People need to recognize all the interacting factors that cause this. Bearing wear and slop, head nut torque (and that's the nut under the top triple clamp), uneven side to side tire wear (cupping), size of the contact patch, frame flex and fork flex. If a few conditions line up just right, the head shake appears. Change one thing in this equation and the end result might not = head shake. While sometimes putting new tires on might hide the head shake for a few people, it's important to note that the variable with the biggest effect is the bearings.

Note that tire balance does not play a factor in this. It's something you feel in the seat and bars, and it may be bad enough to affect traction in braking and cornering, but since that balance happens in the vertical plane it's not a factor in head shake. Out of balance wheels are bad news, but don't blame head shake on it. The Ninja front wheel is not wide enough to have a lateral balancing issue that a dynamic balance would fix.

An improperly seated bead could however contribute to head shake. Inspect the tire near the rim all the way around on both sides. There is a little molded ridge in the sidewall and it should be the same distance from the rim everywhere. If not, break the bead, lube the rim and reseat it.

Make no mistake, the head bearings have the largest effect on this. Here's why: The non-enclosed ball bearings wear faster because the contact area of the balls on the races is very small. Lower contact area equals higher wear and more sensitivity to lower grade balls and races. The friction difference between balls and tapered rollers has little to do with it. Tapered rollers have much more contact area with the races, resist wear better, and support a higher torque of the head nut. Not to mention that the All Balls set is much higher grade than the crap Kawasaki is using to save $5. There's a reason most of the high performance supersports use quality bearings from the factory. They aren't cutting corners to save money.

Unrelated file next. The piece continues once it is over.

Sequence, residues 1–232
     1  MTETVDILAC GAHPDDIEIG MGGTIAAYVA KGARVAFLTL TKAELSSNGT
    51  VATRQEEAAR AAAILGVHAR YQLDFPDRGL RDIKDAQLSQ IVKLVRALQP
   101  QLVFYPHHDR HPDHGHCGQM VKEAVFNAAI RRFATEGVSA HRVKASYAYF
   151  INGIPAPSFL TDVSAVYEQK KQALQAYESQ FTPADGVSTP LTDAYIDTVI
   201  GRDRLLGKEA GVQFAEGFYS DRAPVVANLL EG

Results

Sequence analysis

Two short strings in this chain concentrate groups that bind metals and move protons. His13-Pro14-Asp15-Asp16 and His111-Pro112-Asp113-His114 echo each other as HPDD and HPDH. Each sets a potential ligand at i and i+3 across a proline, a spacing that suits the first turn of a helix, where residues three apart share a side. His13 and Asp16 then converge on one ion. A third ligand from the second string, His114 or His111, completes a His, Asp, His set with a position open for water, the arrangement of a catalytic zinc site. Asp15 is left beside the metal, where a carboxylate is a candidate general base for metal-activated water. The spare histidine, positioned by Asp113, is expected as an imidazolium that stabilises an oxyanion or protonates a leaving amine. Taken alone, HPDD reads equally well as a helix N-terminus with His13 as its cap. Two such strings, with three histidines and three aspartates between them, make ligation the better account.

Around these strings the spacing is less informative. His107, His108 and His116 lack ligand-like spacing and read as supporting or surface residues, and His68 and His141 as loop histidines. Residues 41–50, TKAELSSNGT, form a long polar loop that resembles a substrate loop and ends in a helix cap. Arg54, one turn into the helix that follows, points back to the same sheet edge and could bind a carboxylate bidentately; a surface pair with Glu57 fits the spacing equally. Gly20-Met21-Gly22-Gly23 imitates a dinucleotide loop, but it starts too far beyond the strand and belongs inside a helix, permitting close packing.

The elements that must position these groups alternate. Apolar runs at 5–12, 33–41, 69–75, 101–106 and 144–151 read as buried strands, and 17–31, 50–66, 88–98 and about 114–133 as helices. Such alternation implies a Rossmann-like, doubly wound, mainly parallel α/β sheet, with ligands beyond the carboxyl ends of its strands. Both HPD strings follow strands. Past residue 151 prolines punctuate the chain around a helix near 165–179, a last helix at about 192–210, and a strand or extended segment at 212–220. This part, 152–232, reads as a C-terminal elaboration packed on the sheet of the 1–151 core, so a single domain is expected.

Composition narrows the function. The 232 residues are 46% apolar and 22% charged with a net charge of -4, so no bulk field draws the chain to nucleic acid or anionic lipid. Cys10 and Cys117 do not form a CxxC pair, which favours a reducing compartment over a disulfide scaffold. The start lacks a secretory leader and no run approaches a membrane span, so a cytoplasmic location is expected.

The part that sucks is that replacing head bearings is a pain in the ass. Kinda hard to DIY in your garage. And if you take it to a mechanic to do it, it's going to be expensive. That is even if you find a mechanic who's not an idiot and has the right set of tools to pull the old races and press the new races into the head. So the bearings don't have to be the first thing you do. Want a DIY how to, look at ninjette.org or youtube.

The first thing you should do is the cheapest and easiest: support the front end off the ground, turn the bars to both sides and if there is binding or noise the bearings are shot. Grab the front forks on both sides and push back and forth. If you hear a clunk or feel movement, that's a problem though it might not yet mean the bearings are shot, they just might be loose.

While the front end is suspended, visually inspect the front tire. Spin the tire. If you just look at it without the tire spinning, it will be harder to see cupping. If you see cups forming, particularly off the centerline, tires are the first thing you have to fix. Note that some tires affect head shake more than others. Sport touring tires that have a flatter profile in the center (and therefore a larger upright contact patch) are going to be more prone to head shake than a V shaped pure sport tire that has a smaller upright contact patch.

If the tires look good, but the forks have a little movement, then it might be time to check the stem nut torque. That's the special notched nut under the top triple clamp. It's reasonably easy to get to by removing the top triple but since it's a round nut with 4 notches, it will need a special tool. The crappy OEM bearings can support a stem nut torque of 15 ft lbs. Not to be confused with the steering stem head bolt, the one you can see on top, which is 32 ft lbs. Now if the bearings are worn, tightening the stem nut back to 15 ft lbs may temporarily solve the head shake but it will probably feel like some friction turning and the bearing life is going to be short before the head shake comes back even worse.